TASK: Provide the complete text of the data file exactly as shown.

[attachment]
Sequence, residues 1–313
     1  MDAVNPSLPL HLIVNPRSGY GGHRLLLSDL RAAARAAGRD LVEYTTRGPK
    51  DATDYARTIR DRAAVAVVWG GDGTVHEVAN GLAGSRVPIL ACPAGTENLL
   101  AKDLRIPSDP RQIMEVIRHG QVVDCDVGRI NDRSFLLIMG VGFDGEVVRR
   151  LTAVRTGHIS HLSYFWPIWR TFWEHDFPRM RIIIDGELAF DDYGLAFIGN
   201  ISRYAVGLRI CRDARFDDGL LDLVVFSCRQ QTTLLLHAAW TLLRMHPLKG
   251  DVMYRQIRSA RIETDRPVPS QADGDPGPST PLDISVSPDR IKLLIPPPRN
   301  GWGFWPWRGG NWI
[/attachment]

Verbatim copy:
Sequence, residues 1–313
     1  MDAVNPSLPL HLIVNPRSGY GGHRLLLSDL RAAARAAGRD LVEYTTRGPK
    51  DATDYARTIR DRAAVAVVWG GDGTVHEVAN GLAGSRVPIL ACPAGTENLL
   101  AKDLRIPSDP RQIMEVIRHG QVVDCDVGRI NDRSFLLIMG VGFDGEVVRR
   151  LTAVRTGHIS HLSYFWPIWR TFWEHDFPRM RIIIDGELAF DDYGLAFIGN
   201  ISRYAVGLRI CRDARFDDGL LDLVVFSCRQ QTTLLLHAAW TLLRMHPLKG
   251  DVMYRQIRSA RIETDRPVPS QADGDPGPST PLDISVSPDR IKLLIPPPRN
   301  GWGFWPWRGG NWI